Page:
- Associated Press - Wednesday, April 22, 2015

BOISE, Idaho (AP) - A former Muslim turned Christian pastor warned a crowd at a northern Idaho Republican Party event about the threat of Muslims coming into Idaho, the most recent in a string of concerns over radical Islam that have surfaced among lawmakers and political groups this year in this conservative state.

Shahram Hadian spoke to the Bonner County Republican Women on Tuesday, saying that Muslims who support Sharia law and aim to kill anyone who doesn’t agree with their interpretation of Islam are trying to move to the United States - and to Idaho.

The event comes less than two weeks after a House panel killed a child support enforcement bill by one vote, potentially dismantling Idaho’s child support enforcement system after Idahoans testified the state could potentially be bound to enforce Sharia Law under the act.

Gov. C.L. “Butch” Otter is expected to call the Legislature back for a special session of in order to remedy the noncompliance before the June 12 deadline.

Idaho Department of Health and Welfare officials say the state won’t be able to collect and distribute out-of-state child support payments if lawmakers don’t pass the Uniform Interstate Family Security Act.

All states are required to pass the act by the end of their legislative sessions this year or they will lose the federal funds used to track and collect payments from parents who live in one jurisdiction but owe child support in another. This update would have brought the U.S. into compliance with the 2007 Hague Convention on the International Recovery of Child Support - an international treaty designed to enforce child support rulings across borders in 80 countries.

The child support flap wasn’t the first time concerns over Islam had surfaced in the statehouse.

Mr. Hadian met with more than a dozen lawmakers in the Capitol in late March, when he explained what he saw as the threat of Muslims moving to Idaho. The pastor called for limiting Islamic immigration and blocking refugees from settling in the state after alleging they intend to change Idaho’s society.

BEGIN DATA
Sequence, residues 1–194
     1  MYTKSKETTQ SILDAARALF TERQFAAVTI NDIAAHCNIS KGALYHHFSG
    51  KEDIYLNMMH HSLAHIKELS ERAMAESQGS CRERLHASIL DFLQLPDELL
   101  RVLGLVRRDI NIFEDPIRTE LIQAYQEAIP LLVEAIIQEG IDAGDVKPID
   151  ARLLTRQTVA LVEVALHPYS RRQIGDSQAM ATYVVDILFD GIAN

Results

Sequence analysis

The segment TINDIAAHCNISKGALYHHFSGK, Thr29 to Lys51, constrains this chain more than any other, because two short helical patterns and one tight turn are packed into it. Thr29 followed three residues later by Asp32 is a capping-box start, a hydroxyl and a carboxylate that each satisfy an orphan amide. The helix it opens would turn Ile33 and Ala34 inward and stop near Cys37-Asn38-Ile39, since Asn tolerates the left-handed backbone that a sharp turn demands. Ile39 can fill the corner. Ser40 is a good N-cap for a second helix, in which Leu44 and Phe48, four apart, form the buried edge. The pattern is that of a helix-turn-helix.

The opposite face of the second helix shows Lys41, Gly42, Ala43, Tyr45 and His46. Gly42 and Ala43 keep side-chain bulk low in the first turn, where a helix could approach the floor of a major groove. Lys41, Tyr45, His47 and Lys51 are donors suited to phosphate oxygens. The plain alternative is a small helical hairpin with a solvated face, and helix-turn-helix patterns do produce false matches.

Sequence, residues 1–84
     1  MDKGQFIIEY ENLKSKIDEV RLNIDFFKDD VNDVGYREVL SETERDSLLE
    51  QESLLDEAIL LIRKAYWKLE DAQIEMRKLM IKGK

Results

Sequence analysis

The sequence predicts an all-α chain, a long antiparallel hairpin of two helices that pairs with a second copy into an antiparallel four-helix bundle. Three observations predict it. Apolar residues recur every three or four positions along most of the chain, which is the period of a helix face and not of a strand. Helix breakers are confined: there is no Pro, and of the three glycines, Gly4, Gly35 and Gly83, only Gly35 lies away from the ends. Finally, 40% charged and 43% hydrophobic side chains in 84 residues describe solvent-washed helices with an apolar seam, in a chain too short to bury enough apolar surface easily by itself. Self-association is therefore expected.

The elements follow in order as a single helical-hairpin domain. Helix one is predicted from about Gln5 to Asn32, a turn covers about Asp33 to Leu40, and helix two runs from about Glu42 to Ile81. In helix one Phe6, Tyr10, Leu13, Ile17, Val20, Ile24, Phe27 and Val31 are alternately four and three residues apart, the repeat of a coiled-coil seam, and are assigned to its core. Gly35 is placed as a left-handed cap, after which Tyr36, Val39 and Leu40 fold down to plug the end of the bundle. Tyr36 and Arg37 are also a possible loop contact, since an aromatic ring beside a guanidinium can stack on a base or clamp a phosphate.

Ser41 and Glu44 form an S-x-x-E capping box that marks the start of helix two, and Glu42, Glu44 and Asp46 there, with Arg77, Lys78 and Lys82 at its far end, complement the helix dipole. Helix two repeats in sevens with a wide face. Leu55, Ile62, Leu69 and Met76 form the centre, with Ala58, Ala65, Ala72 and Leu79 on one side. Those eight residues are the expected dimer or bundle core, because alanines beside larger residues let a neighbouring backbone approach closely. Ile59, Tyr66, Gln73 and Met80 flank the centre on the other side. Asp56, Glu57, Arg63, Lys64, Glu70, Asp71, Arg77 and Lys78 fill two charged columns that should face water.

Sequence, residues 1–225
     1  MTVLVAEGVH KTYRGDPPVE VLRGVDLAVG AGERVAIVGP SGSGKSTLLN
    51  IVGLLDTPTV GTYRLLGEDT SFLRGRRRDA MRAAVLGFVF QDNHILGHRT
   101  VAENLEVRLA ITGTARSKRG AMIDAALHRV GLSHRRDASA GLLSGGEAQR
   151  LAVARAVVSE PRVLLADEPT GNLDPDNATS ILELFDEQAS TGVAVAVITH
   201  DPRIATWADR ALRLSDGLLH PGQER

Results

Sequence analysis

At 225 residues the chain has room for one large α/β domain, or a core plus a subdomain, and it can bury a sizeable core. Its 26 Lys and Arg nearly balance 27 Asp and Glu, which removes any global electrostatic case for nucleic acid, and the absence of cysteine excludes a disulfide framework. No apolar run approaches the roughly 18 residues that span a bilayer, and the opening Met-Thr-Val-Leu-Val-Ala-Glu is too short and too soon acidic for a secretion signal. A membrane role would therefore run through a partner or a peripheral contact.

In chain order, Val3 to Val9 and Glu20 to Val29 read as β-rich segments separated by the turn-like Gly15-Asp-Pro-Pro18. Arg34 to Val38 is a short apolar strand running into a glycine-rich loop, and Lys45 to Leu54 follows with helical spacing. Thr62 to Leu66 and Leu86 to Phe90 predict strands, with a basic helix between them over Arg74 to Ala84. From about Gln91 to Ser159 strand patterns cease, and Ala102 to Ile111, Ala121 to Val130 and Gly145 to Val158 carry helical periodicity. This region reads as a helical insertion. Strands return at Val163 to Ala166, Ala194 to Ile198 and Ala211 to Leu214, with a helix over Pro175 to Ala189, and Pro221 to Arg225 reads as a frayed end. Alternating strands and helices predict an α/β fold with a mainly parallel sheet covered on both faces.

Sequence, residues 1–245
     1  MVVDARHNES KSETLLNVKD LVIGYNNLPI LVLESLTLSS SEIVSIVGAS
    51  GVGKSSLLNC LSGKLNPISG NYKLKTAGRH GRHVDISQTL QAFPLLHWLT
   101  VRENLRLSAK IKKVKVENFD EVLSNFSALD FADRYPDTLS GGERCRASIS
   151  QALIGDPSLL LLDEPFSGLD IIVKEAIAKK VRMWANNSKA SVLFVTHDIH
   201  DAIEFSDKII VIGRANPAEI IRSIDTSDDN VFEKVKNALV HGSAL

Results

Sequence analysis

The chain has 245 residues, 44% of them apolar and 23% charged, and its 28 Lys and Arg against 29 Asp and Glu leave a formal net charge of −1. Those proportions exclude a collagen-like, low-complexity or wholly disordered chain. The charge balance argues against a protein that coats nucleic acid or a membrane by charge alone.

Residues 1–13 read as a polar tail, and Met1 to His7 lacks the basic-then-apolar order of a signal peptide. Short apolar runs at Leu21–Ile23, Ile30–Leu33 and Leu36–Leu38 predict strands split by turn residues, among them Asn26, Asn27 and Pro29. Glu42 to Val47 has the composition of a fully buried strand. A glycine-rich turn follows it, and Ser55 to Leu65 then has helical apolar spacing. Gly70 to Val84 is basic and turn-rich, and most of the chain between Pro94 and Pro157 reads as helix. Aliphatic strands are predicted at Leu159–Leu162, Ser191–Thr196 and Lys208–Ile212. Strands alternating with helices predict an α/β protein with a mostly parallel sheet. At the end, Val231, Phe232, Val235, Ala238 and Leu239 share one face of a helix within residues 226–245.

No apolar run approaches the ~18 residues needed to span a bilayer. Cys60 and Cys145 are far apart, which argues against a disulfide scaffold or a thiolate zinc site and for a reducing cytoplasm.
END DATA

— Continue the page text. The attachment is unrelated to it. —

More concerns have emerged on the local level.

A Bonneville County Republican Central Committee newsletter article warned Idahoans that Muslims are “infiltrating” the state and would “be ready to rise up and kill” non-Muslims. The article’s author, Becky Prestwich, later apologized.

And a northern Idaho Republican organization considered - but voted down - a measure that would have tried to designate Idaho as a Christian state.

Judy Cross from the Interfaith Alliance of Idaho said that it’s important to distinguish between radical militants in the news and everyday Muslims in Idaho.

“People have heard some of the myths about Islam - the violence in the Koran and the buzzwords of jihad - that set them off because they don’t understand what Muslims really believe,” she said. “ISIS is fighting for radical political issues. The religion that is Islam is a very peaceful religion and a very loving religion.”

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